Weimarama

Richard J. Evans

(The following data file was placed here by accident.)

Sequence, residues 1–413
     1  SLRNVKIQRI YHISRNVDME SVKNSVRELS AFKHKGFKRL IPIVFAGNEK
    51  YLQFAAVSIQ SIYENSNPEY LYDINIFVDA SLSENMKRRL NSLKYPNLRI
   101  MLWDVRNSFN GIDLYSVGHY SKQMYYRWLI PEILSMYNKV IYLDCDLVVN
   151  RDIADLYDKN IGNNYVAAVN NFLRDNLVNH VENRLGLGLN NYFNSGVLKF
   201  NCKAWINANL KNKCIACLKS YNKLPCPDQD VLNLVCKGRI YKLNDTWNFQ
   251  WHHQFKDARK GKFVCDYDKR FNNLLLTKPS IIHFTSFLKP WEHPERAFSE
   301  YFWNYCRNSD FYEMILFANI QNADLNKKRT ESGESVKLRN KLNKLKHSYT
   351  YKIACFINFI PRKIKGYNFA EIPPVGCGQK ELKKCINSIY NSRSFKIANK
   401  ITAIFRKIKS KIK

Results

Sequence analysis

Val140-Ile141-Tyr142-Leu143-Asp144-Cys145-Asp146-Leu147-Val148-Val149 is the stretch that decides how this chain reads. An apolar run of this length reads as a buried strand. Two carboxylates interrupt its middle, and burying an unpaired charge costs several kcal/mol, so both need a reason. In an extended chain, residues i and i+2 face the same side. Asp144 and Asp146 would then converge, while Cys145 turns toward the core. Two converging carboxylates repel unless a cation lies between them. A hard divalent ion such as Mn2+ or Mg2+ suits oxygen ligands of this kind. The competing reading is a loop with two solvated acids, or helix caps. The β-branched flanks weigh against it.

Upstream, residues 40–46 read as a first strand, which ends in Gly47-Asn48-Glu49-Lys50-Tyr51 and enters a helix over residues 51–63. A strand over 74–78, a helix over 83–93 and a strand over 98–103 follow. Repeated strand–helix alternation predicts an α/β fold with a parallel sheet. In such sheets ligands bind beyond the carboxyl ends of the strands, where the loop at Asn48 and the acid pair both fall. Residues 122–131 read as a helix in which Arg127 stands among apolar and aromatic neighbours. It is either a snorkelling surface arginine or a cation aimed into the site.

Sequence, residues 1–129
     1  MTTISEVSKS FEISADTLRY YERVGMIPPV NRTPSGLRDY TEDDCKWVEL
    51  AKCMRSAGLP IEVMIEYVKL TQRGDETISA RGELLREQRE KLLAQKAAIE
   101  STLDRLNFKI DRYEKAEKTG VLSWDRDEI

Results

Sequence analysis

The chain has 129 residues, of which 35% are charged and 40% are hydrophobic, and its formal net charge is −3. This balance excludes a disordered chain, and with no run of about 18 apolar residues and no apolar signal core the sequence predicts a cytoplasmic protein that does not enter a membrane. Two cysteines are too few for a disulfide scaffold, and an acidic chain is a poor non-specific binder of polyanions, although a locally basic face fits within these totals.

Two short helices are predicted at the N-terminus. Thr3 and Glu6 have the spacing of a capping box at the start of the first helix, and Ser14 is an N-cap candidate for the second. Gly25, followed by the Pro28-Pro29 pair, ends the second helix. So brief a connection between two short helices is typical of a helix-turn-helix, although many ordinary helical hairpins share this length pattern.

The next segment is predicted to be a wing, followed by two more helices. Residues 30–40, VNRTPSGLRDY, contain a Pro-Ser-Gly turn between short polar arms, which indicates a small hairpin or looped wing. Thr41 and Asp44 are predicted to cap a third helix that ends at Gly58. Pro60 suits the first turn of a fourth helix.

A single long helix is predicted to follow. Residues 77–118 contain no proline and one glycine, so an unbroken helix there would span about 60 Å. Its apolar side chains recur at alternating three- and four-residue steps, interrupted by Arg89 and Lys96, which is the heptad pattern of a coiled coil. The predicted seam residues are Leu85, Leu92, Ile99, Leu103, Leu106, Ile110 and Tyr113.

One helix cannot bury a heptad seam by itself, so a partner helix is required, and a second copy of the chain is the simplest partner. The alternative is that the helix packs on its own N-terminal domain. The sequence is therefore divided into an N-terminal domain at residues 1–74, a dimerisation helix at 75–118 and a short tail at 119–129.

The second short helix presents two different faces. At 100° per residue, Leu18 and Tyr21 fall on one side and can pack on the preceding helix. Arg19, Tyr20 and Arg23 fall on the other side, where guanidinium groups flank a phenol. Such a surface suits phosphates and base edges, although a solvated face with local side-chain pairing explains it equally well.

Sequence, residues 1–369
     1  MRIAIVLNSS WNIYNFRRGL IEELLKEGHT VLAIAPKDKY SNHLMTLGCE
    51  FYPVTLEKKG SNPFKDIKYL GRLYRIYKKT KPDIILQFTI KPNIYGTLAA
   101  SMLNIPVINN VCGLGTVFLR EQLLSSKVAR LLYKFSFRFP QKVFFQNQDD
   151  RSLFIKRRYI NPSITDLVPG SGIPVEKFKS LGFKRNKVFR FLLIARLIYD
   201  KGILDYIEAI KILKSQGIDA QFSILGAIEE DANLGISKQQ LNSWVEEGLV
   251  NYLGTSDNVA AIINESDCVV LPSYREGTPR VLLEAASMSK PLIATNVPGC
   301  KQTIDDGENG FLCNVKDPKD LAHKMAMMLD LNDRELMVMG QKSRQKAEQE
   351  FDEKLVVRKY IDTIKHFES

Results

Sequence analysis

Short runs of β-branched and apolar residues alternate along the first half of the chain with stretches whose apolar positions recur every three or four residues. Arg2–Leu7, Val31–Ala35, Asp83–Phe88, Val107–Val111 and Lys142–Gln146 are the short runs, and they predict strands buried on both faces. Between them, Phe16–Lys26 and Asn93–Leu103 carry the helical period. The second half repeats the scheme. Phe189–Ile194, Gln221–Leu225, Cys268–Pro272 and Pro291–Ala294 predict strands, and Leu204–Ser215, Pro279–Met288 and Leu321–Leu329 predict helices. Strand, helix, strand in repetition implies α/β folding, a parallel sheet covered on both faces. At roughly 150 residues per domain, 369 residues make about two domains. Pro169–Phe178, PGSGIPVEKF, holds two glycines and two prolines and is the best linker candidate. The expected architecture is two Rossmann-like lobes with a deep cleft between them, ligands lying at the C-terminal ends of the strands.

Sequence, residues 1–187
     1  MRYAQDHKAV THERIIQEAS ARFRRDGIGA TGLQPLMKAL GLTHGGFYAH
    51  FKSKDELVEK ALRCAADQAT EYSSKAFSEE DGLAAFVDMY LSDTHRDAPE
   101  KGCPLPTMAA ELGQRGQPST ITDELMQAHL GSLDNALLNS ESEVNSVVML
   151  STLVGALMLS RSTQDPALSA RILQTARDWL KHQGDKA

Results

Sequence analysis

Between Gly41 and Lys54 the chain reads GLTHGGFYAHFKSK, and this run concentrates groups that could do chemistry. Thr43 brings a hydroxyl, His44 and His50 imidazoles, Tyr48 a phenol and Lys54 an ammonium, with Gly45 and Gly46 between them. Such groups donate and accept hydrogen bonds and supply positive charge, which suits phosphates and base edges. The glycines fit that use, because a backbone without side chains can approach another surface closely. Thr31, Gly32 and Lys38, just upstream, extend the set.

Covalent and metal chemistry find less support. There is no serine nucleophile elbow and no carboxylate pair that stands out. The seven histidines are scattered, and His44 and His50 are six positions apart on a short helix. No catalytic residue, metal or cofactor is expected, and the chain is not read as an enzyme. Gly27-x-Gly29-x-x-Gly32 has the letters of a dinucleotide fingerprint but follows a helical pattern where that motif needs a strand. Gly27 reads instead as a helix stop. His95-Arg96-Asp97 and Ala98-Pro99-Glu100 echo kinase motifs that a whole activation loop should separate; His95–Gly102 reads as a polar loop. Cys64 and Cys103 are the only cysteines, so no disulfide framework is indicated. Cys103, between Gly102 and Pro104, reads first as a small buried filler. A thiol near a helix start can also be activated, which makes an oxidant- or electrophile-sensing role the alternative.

Since its appearance in Germany in 1977, Klaus Theweleit’s psychoanalytical study of fascist literature has graduated from the status of a cult work to that of a classic. Rereading it in English, a decade after my first, rather sceptical perusal, it is easy to see why. Much of what made Theweleit’s book so startlingly original in the mid-Seventies has since become relatively conventional in literary and historical studies, from the Foucaultian analysis of literary discourse, and the exploration of the political history of the human body, to a feminist perspective on sex and power. Yet in the intervening period, the book has not lost its capacity to shock and disturb. Much of its power comes from its author’s unerring eye for the startling quotation. Consider this passage from a novel by Franz Schauwecker which was published in 1929:

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